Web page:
Irish Song Lyrics for: Schooner Fred Dunbar

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(Amos Hanson)

You darling girls of Bagaduce who live along the shore
'Tis little do you think or know what sailors do endure
Or if you did, you would treat them with more respect than before
You never would go with a landloper while sailors are on shore

Oh those Penobscot cowboys will tell you girls fine tales
Of the hardships they endure while they are in the cornfields
While they feed their hens and punch their pigs and make their mothers roar
While we, like jovial-hearted boys, go to the Bay Chaleur

You darling girls of Bagaduce perhaps you'd like to know
The names of all our sailors before we start to go
Their names and dispositions, I'll endeavor to explain
Before we set our canvas to plough the raging main

The first was Hiram Wardwell who runs the Rory O'More
The next was Captain Perkins who roams the golden shore
They're very much respected by all both fore and aft
Two better men cannot be found on an Androscoggin raft

There was little Herman, Leroy and Bill, and Oliver Quinn and Steel
And Amos H. the author, who an entry sheep did steal
The next was little Owen, who loves the girls so well
The last was young Horatio - we called him the Admiral

On board of the Schooner Fred Dunbar, well found in fishing gear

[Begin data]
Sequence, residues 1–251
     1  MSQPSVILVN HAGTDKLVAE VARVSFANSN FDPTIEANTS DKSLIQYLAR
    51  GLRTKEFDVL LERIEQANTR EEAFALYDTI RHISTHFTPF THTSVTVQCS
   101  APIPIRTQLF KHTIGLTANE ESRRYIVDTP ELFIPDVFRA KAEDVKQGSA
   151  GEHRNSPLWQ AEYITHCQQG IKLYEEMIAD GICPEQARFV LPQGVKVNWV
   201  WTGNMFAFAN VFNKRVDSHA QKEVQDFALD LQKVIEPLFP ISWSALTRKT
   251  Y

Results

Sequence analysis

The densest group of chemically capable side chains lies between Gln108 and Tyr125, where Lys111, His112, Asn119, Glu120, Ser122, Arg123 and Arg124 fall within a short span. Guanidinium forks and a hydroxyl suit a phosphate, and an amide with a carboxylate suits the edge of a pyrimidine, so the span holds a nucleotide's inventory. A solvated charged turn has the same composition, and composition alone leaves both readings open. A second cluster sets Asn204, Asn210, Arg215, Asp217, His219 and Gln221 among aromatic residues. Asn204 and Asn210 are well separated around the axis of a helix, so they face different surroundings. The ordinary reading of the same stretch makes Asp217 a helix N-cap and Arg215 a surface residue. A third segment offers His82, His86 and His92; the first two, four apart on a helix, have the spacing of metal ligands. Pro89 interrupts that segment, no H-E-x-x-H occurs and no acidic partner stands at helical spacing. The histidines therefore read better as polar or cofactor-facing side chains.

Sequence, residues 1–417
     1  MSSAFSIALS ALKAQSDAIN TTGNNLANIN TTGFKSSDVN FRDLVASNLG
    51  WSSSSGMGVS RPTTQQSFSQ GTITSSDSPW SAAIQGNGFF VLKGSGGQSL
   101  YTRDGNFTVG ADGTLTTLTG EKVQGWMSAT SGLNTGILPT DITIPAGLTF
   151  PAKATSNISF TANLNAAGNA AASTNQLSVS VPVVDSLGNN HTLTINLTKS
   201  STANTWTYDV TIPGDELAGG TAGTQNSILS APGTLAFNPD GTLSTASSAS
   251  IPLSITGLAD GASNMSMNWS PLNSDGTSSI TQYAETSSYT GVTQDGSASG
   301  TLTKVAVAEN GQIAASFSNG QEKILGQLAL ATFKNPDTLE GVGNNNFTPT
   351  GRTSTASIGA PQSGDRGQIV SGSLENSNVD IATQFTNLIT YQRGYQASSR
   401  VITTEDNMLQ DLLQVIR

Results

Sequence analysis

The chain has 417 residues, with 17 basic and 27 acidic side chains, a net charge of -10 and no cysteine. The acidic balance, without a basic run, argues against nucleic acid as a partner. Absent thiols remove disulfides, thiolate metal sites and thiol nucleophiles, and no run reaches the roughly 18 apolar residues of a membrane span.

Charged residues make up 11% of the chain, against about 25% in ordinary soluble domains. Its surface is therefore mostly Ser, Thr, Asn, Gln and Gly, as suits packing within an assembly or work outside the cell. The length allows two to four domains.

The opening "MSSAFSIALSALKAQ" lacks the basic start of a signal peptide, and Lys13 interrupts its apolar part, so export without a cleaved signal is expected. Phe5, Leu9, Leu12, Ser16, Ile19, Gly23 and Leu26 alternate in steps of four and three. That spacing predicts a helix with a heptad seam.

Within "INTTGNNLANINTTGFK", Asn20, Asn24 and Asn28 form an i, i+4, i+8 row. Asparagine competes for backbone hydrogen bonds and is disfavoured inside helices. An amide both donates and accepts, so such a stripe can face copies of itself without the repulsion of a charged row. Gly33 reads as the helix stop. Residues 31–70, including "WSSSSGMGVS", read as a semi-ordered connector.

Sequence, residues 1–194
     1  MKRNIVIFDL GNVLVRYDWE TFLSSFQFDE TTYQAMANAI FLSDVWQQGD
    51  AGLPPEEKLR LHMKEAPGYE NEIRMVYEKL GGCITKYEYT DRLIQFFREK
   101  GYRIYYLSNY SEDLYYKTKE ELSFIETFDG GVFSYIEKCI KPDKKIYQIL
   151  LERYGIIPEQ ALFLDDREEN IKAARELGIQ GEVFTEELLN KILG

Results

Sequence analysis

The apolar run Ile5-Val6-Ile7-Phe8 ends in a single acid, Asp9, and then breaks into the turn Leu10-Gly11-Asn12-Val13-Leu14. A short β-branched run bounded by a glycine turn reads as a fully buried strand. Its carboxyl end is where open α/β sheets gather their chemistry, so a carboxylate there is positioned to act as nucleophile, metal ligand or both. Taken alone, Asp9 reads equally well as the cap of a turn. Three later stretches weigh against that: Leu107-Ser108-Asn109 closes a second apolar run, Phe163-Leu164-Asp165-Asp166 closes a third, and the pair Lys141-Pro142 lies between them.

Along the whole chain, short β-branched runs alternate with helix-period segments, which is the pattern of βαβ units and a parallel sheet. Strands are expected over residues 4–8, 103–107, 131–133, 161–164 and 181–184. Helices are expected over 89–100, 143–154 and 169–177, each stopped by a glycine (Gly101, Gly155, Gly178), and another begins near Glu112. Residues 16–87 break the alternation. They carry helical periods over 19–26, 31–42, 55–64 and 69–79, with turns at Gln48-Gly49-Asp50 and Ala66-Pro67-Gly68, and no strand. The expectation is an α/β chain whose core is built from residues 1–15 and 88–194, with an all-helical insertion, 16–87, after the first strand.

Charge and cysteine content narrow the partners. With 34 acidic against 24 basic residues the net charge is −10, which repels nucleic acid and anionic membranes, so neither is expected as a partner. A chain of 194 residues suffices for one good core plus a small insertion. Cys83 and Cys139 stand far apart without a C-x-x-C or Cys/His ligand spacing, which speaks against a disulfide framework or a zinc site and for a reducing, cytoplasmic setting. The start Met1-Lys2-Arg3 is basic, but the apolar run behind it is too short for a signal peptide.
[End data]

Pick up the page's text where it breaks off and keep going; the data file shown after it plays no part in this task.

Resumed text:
We crowded on our canvas, for Green's Landing we did steer
When we arrived at anchor, the sun was very low
'Twas there we shipped young Stinson and Captain Mood Thurlew

When we arrived at Port McGrave, we hauled in for our salt
We took our little fiddle to have a little waltz
There was twelve of us when we started, our songs through the woods did roar
When we arrived, I was surprised, I could not count but four

The first day of September, broad off Cape Mardean
We struck a squall from our south-southeast which broke our boom in two
So gallantly she weathered it and it was fine to see
She walked to the windward with mainsail down, bound out to Margaree

The last day of September will be remembered well
And how poor sailors fared that night, no tongue can ever tell
The wind blew high, the seas grew rough, and in torrents fell the rain
I never saw such a night before and hope I shan't again

You darling girls of Bagaduce, the time is drawing nigh
When soon you'll see the Stars and Stripes from the Fred's main topmast fly
Get ready, gallant lasses, put on your other gowns
For soon you'll see the Fred Dunbar come sailing up to town

O now this voyage is ended and we've arrived on shore
With our pockets full of greenbacks we have earned to the Bay Chaleur
So merrily we'll dance and sing, as we have done before,
And when our money is all gone, we'll plough the bay some more.
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E-Book - An Annotated Compendium of Old Time American Songs by James Alverson III